While the "big cities" in Louisiana, like New Orleans, Baton Rouge, Lake Charles, and Lafayette all have Mardi Gras krewes, parades, balls, etc., the smaller rural towns have a festive Mardi Gras tradition of their own.
Beginning early in the morning on Fat Tuesday, the local Mardi Gras captain in these small towns leads his Courir de Mardi Gras through town and countryside. Typically, these revelers, usually somewhat drunken, ride horseback, but in modern times some communities use flatbed trucks so that the children of the family may be safely included. The purpose of the courir, or ride, is to collect ingredients from throughout the area to create a communal supper for the evening.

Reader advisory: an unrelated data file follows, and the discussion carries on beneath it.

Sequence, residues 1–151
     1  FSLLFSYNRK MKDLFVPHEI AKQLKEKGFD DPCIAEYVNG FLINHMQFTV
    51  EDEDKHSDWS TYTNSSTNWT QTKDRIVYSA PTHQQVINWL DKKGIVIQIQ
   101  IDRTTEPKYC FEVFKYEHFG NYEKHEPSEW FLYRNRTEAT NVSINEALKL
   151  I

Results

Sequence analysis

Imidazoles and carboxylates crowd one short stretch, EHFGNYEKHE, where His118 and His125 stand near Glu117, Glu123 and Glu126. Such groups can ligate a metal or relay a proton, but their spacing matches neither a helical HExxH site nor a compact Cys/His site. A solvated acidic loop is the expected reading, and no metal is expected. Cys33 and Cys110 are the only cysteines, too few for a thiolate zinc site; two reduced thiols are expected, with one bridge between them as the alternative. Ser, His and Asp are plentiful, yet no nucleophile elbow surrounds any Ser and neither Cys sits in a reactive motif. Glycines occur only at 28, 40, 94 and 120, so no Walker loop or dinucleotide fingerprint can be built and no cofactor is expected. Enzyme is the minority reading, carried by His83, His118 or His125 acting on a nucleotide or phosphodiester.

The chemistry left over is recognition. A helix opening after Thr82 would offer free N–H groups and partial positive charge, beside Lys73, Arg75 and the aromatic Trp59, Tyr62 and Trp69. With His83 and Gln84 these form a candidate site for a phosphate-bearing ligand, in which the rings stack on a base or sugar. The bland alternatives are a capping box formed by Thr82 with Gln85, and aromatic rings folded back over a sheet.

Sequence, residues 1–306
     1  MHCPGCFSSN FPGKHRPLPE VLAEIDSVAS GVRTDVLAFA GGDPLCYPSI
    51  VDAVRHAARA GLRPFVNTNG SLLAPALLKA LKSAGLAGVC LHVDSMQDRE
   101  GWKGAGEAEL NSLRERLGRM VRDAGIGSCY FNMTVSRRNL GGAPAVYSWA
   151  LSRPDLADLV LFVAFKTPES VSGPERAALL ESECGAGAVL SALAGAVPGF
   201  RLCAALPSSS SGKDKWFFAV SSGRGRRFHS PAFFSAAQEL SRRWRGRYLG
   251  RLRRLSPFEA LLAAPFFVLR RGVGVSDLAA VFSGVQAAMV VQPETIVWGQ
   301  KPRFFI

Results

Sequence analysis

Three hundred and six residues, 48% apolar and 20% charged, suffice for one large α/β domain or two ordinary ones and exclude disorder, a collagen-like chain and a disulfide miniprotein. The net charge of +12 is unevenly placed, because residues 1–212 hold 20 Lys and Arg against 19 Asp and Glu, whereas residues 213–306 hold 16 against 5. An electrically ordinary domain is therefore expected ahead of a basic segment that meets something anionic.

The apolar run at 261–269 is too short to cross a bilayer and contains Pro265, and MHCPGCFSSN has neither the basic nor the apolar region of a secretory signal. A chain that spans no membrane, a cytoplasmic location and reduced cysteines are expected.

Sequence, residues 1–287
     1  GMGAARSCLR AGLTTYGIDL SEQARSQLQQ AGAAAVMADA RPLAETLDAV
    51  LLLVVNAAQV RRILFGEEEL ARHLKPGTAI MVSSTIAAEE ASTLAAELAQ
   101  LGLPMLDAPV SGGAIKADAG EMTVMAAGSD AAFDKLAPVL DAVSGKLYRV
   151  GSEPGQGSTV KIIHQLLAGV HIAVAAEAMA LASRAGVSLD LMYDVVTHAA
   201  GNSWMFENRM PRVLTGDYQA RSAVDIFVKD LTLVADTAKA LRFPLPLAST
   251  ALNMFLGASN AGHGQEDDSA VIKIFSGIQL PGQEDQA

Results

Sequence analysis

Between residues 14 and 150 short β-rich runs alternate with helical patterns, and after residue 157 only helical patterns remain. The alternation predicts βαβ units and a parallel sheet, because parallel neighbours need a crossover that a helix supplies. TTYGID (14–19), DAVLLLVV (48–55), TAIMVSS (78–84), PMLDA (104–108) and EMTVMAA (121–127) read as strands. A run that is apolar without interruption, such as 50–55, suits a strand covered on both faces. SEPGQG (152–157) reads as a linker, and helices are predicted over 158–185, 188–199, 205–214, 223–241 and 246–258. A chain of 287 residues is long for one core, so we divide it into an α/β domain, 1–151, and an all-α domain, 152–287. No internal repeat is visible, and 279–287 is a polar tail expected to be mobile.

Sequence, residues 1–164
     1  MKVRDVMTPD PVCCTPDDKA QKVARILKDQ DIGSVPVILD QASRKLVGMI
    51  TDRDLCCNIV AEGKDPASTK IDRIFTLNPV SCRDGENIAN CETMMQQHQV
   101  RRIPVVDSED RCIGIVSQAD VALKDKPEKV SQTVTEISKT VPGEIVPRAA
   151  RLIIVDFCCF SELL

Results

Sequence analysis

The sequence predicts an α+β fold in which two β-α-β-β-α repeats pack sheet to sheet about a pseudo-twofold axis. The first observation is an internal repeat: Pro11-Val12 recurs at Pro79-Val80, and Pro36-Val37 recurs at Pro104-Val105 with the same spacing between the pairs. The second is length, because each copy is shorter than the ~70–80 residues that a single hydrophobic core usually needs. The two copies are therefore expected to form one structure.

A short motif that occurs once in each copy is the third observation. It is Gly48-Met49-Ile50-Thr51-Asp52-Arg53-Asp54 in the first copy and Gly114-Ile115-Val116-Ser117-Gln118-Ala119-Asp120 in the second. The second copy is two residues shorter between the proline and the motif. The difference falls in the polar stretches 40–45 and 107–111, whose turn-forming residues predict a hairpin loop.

As the group arrives at each home, the captain asks permission to enter, and then the revellers beg, sing, dance, or jump through whatever hoops the landowner devises to convince them to offer an ingredient for the gumbo. They move from house to house, collecting whatever ingredient each home can provide, until mid afternoon, when they parade through the main street to the town square (all Cajun towns have one!) to cook the gumbo. Around sunset, all the townspeople come out to the square to eat, drink, and be merry until midnight, when Fat Tuesday gives way to Ash Wednesday, and lent begins.
Doesn't that sound like a blast?! Queen Ginger has never lived in a town small enough to have a courir, but it sure seems like a great way to celebrate Mardi Gras, wherever you are in the world!! Who's going to create a courir in their neighborhood?